Tuesday, January 25, 2005

Something Other Than What It Seems?

There was a big celebration for pro-lifers on the Washington Mall the other day. The Republican president, as usual, phoned in his remarks. My fellow Adventist, I'm sorry to admit, Maryland Congressman Roscoe Barlett, was on hand, though, to cheer on the troops of compassionate conservatism, if that is what they are.

Now, Bulworth admits abortion makes him uncomfortable. Especially those carried out after the fetus is viable outside the womb. But at the same time, I can't say I get worked up about the issue. It's hard for me to imagine that abortions performed early, and inventions such as the so-called "morning after" abortion pill, RU-486, cause harm to a conscious or unborn being.

Which makes me wonder just exactly what is it about abortion that gets the ardent anti-abortioners upset. They seem like a pretty rough, angry group, unsympathetic to other human rights issues and the care of persons once they're born. Take for example, some of the loudest, most prominent voices waged against abortion such as James Dobson's Focus on the Family, and the folks at townhall.com. So it seems hard to believe they are really concerned about the "sanctity of life" as they and their president like to say.

There are some who would say that the whole anti-abortion movement is really about limiting sex, and ultimately wants to do away with contraceptives as well, something which, if right-to-lifers really thought about it, would likely have the effect of increasing unplanned pregnancies and increasing abortions. This is by and large the official Catholic church position, so there must be some truth to this allegation.

Then there is the curious phenomenon that indicates that real life abortions actually declined under the liberal Democratic President, Bill Clinton, but have increased under the stewardship of George W. Do "right-to-lifers" care about these trends? Is there any interest on the "right"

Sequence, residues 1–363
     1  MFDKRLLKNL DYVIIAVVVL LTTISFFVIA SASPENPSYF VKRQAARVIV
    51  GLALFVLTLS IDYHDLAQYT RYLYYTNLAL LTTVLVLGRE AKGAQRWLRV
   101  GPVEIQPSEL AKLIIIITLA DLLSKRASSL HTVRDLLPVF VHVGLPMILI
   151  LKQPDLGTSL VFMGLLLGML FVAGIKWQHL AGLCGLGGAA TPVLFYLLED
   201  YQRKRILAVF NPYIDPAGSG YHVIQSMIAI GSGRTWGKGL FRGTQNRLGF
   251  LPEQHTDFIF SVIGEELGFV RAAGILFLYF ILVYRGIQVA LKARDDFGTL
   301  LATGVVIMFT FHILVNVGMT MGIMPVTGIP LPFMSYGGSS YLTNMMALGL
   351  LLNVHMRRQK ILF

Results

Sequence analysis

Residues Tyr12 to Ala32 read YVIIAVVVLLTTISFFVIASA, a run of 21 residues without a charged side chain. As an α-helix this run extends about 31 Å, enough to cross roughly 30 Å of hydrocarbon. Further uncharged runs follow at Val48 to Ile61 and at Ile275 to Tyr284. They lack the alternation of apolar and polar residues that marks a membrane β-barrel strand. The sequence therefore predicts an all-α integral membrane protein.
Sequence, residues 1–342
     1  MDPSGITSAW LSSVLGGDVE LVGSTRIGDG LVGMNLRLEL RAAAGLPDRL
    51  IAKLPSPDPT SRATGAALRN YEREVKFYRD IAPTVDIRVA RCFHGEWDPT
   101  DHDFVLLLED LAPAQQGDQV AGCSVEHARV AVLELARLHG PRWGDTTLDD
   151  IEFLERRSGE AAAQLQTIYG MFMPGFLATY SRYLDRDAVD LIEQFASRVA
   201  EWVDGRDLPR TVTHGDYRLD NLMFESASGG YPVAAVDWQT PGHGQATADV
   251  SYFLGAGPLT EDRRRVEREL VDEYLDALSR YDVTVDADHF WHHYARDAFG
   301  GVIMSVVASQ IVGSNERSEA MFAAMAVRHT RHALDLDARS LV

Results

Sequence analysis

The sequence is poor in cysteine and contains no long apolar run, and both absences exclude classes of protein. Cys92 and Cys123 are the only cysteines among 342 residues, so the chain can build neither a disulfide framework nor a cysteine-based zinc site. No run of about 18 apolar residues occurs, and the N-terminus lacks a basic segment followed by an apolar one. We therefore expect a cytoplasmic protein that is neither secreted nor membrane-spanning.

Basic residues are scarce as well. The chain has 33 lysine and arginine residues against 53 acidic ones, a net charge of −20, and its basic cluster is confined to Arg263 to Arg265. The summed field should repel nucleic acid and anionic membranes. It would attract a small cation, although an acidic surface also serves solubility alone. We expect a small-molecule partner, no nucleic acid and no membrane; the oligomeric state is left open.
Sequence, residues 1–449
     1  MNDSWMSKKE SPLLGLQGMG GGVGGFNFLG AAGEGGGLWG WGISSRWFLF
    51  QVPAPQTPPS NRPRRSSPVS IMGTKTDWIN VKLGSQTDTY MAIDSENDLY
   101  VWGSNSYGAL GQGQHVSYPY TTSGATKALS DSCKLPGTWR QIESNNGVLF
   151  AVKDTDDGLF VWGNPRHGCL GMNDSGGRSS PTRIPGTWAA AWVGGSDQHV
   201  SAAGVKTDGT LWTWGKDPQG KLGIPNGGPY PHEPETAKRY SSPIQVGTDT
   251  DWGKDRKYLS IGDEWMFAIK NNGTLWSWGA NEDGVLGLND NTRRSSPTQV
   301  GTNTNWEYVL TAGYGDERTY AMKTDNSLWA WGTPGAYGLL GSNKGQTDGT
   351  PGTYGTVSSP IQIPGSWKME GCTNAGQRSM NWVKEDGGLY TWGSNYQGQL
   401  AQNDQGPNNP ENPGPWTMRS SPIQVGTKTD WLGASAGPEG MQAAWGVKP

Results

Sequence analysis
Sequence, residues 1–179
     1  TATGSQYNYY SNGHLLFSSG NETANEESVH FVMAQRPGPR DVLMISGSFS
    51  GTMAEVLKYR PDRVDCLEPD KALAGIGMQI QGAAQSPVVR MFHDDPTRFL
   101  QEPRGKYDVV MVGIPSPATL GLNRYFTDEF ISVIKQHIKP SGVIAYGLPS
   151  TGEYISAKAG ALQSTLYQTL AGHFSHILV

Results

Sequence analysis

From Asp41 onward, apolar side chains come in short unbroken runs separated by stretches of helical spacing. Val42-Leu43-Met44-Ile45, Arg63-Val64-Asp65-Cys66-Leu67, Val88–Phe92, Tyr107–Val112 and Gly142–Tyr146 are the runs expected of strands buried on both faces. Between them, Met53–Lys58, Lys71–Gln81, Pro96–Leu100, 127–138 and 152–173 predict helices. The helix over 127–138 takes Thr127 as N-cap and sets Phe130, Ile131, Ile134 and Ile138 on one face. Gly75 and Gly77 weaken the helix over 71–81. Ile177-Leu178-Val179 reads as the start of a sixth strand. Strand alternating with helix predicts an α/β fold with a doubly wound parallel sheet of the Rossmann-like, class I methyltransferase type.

about what causes abortion and perhaps taking strides to limit those conditions, or is it just the prominence of legislation, the stamp of official disapproval from their nation's federal government that they want?

Still, what else is there? Do they feel the "pain" of the fetus? Do they think there is some injustice being done during an abortion? Or are they upset about something else? Me thinks most anti-abortion members aren't really concerned about families or children or the "unborn". Their tone and alternative policy preferences strike me as a jarring disconnect.

Then, too, I wonder to what degree most "right to lifers" are really ready to impose serious criminal penalties on doctors who perform abortions and women who receive or attempt to receive them? Undoubtedly some believe they are. But it seems like a difficult hurdle for anti-abortionists to get over. Maybe I'm being too generous or naive about the ends to which some "defenders of life" are willing to go.

Like the Rogue Progressive, I tend to believe that most if not all of the issues under the culture war banner are about restricting the rights of women. But I think the general conservative fetish is that of hierarchy. That's why conservatives express such reverance for institutions like the military, the church, and corporations, and such disdain for more egalitarian and diverse places like colleges and universities. When conservatives say things like "the family is under attack" I suspect they are primarily complaining about what they perceive to be challenges to the man's hierarchical place in it.

Now, back to what I started with...abortion gives women an option about a pregnancy after the fact, so to speak, and this prerogative doesn't sit well with conservative admirers of male domination, even among those women who like male-dominated family hierarchy.

Next: Why do conservatives hate gays?

No comments: